After deathcore became the hottest (and most controversial) new metal subgenre in the late 2000s, the scene lost its new-car smell in the mid-2010s and didn't produce any new breakout stars until the early 2020s.
That all changed with the rapid ascension of bands like Slaughter to Prevail, Lorna Shore and Brand of Sacrifice, who were suddenly being hailed by a new generation of pig-squeal and breakdown aficionados as the genre's new guard.
Now that deathcore has been experiencing a real upswing for a couple years, we asked our readers to pick the single best band in the genre right now.
Fortunately, most voters understood the assignment and didn't just select deathcore's greatest bands ever, but the ones who are currently killing it on the live circuit and inspiring YouTube reactors to drop their jaws.
See the top five vote-getters ranked accordingly below.
Slaughter to Prevail have claimed they're "tired" of deathcore, but deathcore isn't tired of them. The Florida-via-Russia heavy-hitters were gradually picking up momentum until their pair of Kostolom singles, "Baba Yaga" and "Demolisher," set the internet ablaze with the sheer violence of their sound and, in the case of the former, visuals.
Since then, vocalist Alex Terrible has become an increasingly polarizing figure, but Slaughter to Prevail's music (namely 2023's "Viking" single) remains incredibly popular and incredibly bludgeoning.
Psycho-Frame released their first music in spring 2023, and they're already being touted as one of the genre's best rising acts. Featuring members of Moodring and Vatican, these MySpace nostalgists evoke a time when knuckle-dragging bands like I Declare War, Oceano and a Mitch Lucker-fronted Suicide Silence ruled the deathcore landscape.
"No symphonies, no push pits, no whisper vox, no gimmicks" is their combative tagline, and on a song like "The Plot to Nuke the Midwest," you know they mean business.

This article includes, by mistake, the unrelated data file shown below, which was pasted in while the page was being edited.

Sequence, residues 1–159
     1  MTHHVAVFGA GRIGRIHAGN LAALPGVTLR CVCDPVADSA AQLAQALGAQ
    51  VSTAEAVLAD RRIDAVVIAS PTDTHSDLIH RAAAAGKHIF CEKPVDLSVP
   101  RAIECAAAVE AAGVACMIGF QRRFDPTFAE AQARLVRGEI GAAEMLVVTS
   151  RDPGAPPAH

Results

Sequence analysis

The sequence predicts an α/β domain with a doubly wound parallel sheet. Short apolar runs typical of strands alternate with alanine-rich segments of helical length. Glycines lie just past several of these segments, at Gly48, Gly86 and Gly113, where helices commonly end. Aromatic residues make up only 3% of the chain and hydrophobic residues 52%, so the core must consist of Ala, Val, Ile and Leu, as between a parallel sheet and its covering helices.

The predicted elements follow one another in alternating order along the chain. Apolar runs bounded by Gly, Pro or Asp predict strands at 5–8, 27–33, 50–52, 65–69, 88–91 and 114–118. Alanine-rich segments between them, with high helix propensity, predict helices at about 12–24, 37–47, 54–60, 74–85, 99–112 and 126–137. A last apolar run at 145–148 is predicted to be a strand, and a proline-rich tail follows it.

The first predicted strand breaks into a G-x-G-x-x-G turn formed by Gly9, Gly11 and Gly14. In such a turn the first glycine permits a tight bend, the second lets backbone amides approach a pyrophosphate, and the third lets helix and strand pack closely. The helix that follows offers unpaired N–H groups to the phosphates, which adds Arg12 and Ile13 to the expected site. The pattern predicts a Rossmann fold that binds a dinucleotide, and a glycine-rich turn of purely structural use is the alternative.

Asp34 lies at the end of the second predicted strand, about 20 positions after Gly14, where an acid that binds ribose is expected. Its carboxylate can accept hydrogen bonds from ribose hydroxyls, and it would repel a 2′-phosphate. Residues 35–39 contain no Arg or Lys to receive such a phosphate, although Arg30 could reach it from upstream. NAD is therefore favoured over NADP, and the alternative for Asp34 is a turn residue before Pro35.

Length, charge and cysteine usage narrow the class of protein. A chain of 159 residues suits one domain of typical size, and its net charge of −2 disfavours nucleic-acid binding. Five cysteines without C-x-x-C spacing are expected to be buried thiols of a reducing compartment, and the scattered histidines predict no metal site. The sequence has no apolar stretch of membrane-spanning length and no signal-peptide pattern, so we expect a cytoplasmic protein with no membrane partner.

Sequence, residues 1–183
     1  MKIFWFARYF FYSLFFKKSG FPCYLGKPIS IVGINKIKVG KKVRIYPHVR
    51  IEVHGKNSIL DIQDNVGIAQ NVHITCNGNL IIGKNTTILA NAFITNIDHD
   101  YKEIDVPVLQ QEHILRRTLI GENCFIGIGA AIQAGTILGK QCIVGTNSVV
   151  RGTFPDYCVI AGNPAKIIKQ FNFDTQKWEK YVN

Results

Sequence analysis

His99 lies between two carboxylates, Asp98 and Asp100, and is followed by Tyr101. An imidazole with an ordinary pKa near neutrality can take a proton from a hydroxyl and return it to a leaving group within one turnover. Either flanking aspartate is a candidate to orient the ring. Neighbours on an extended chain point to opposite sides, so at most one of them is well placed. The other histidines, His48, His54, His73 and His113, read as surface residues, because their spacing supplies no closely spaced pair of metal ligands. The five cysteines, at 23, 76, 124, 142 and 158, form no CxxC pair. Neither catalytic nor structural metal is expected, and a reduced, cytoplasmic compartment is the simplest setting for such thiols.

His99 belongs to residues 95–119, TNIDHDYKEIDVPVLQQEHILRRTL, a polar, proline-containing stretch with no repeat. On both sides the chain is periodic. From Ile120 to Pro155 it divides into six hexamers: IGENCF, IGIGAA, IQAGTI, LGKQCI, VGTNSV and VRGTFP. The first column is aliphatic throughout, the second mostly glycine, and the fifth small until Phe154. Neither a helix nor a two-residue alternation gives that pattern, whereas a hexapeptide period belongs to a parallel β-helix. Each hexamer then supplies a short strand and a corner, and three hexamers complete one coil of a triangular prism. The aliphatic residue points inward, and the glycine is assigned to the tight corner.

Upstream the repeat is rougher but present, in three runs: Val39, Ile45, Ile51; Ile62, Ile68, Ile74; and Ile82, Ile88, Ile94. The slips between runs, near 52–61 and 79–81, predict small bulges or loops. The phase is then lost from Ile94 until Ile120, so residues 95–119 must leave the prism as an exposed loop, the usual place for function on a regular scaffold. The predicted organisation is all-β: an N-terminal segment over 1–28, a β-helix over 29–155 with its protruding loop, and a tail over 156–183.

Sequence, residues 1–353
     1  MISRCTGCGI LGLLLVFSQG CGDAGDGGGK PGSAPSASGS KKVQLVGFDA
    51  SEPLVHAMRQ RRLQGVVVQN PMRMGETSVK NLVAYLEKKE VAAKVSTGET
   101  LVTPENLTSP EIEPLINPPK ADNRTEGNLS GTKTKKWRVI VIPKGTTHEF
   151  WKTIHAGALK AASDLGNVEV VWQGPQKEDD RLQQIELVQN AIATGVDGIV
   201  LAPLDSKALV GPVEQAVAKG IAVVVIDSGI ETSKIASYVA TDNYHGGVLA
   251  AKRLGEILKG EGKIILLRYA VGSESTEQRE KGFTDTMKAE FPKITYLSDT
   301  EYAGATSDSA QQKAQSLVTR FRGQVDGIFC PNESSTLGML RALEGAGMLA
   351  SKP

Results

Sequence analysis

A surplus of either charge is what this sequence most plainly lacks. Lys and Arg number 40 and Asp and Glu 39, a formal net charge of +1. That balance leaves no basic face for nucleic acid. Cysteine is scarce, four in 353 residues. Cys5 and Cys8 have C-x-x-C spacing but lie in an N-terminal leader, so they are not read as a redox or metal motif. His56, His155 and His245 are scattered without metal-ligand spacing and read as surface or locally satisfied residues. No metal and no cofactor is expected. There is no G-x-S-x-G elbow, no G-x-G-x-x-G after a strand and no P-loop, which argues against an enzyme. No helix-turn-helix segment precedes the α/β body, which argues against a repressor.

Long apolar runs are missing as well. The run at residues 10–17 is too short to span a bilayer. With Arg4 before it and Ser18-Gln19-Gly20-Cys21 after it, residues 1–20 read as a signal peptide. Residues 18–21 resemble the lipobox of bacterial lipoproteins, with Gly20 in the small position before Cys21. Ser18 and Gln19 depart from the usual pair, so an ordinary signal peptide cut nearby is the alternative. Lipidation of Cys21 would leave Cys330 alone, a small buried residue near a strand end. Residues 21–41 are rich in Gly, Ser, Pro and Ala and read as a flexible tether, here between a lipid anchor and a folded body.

Fit for an Autopsy have outlived multiple deathcore hype cycles, and are now more popular than they've ever been. Part of their staying power should be credited to their consistently decimating live show, which has only become tighter and more physically imposing over time.
They've also never been afraid to evolve their sound in new ways, as heard on 2022's monstrously epic Oh What the Future Holds and 2019's heavy-yet-catchy The Sea of Tragic Beasts.
A lot of modern deathcore bands have found broader audiences by dabbling with clean vocals and/or state-of-the-art production. Signs of the Swarm, however, just keep getting heavier, and their popularity is following suit.
The Pittsburgh band's 2023 Century Media debut, Amongst the Low & Empty, is packed with skull-splitting songs like "Tower of Torsos" and the title track that trade in chunky riffs, lower-than-hell vocal bellows, and teeth-knocking breakdowns spliced with icy electronic flourishes. Clearly, people dig it.
Lorna Shore have scraped and clawed their way to the top of the deathcore mountain, overcoming tumultuous lineup changes, low intra-band morale and plenty of internet haters.
After a rocky stop-start trajectory in the 2010s, the band found unprecedented success with 2021's "To the Hellfire," their majestically crushing first song with current screamer Will Ramos, which picked up internet wind and propelled them to the front of the pig-squeal pack.
Last year's Pain Remains album remains the high-water mark to beat for blackened, symphonic, emotional deathcore, and the band are showing no signs of slowing down. In 2023, you can't talk about the style without mentioning Lorna Shore.